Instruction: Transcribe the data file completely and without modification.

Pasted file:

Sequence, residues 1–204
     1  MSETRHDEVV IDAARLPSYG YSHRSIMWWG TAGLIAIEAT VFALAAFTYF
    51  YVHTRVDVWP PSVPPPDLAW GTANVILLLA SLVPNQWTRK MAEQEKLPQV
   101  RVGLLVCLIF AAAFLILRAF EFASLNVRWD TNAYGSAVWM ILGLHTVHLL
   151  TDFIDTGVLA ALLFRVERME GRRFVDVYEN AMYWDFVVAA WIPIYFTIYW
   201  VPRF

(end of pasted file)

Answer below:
Sequence, residues 1–204
     1  MSETRHDEVV IDAARLPSYG YSHRSIMWWG TAGLIAIEAT VFALAAFTYF
    51  YVHTRVDVWP PSVPPPDLAW GTANVILLLA SLVPNQWTRK MAEQEKLPQV
   101  RVGLLVCLIF AAAFLILRAF EFASLNVRWD TNAYGSAVWM ILGLHTVHLL
   151  TDFIDTGVLA ALLFRVERME GRRFVDVYEN AMYWDFVVAA WIPIYFTIYW
   201  VPRF